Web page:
After two difficult years, the global aviation industry gathered at the first Aviation Future Forum in Riyadh to discuss post-pandemic issues and shape the future of aviation.
The two-day event was inaugurated by the Saudi Minister of Transport, Saleh bin Nasser Al-Jasser, which attracted more than 120 speakers and more than 2,000 participants from the aviation industry.
“This forum will provide an opportunity for industry leaders and all stakeholders to discuss common issues around the upcoming or current challenges we are collectively facing to bring the industry back to normal. Long-term issues such as sustainability, innovation and new technological developments will also be addressed,” Saleh bin Nasser Al-Jasser said.
Despite the relaxation of travel restrictions, airlines are still struggling to gain a foothold in passenger numbers. A recent survey by YouGov shows that two-thirds of people are not planning to travel in 2022.
The same survey found that 46 percent of Gulf residents, 32 percent of Americans, 40 percent of Italians and 40 percent of Britons believe confusing health regulations will prevent them from traveling in 2022.
The Civil Aviation Authority of the Kingdom of Saudi Arabia announced at the forum its vision to facilitate travel for passengers, airlines and governments.
The “Air Travel Policy Coordination” was developed in cooperation with the International Civil Aviation Organization of the United Nations (UN). It aims to provide clear information online explaining entry requirements for participating countries.
“I think the recent Covid-19 pandemic has shown us that the world is really torn. Families have been separated, people have stopped traveling, airports and borders have been closed. We need to coordinate air transport requirements. We need to clarify how we are doing that,” said Mohammed Al-Khuraisi, deputy Head of Strategy and Business Intelligence at the General Civil Aviation Authority (GACA) told Euronews, “Such a crisis will deal with such a crisis if it occurs in the future.”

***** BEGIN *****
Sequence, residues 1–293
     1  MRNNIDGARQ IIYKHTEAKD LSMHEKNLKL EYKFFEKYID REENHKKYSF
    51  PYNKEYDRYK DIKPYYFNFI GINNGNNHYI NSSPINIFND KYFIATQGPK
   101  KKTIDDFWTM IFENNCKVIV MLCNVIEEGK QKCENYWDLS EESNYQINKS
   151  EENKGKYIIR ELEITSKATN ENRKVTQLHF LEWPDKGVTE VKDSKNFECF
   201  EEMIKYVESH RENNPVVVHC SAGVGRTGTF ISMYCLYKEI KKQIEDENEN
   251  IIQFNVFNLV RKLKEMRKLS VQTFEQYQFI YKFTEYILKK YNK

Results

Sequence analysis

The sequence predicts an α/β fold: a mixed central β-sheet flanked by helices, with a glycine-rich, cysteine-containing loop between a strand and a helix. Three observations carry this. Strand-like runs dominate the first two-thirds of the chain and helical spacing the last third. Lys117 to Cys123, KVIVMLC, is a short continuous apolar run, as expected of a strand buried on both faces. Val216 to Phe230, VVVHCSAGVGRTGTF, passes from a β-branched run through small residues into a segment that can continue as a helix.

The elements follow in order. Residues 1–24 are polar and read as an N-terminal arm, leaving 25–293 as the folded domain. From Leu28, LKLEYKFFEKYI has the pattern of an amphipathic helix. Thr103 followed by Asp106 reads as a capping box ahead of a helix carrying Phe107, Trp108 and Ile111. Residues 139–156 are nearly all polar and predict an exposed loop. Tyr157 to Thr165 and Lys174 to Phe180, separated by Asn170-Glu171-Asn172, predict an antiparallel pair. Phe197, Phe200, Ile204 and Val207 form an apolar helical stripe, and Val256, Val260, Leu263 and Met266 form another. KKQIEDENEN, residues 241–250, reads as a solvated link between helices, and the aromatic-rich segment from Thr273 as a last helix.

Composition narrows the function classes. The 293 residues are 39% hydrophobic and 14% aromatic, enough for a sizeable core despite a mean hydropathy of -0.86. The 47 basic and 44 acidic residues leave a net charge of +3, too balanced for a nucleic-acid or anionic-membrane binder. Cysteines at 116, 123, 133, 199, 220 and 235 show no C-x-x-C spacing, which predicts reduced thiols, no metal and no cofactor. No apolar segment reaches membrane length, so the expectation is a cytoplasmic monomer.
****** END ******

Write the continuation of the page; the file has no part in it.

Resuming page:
In addition to the challenging period following the pandemic, another major topic at the forum was sustainability as airlines come under increasing pressure to reduce carbon emissions and protect the environment.
Henrik Hololi, Director General of Mobility and Transport at the European Commission, told Euronews:
“Sustainable aviation fuel is definitely the future. It’s part of the solution and a big part of the solution. But what kind of sustainable aviation fuel is it? Again, the decision hasn’t been made yet. If aviation becomes more sustainable, it just doesn’t have a license to grow in the future. And I think Everyone in the aviation sector is starting to realize that and do more.”
Saudi Arabia has big ambitions
The World Travel and Tourism Council expects the Middle East’s travel and tourism business to reach €233 billion this year.
As part of Saudi Arabia’s efforts to improve its position in the global tourism market, the National Aviation Sector Strategy of the General Civil Aviation Authority (GACA) aims to increase the Kingdom’s connections to 250 destinations and reach 330 million passengers.
“The strategy has very ambitious goals to boost tourism and support national strategies for transport and logistics. It aims to triple the number of passengers by 2030,” Mohammed al-Khuraisi explained.
“To achieve this, we need to increase capacity by expanding our existing national airlines, inviting more foreign airlines to travel to the Kingdom, and establishing a new airline,” he added.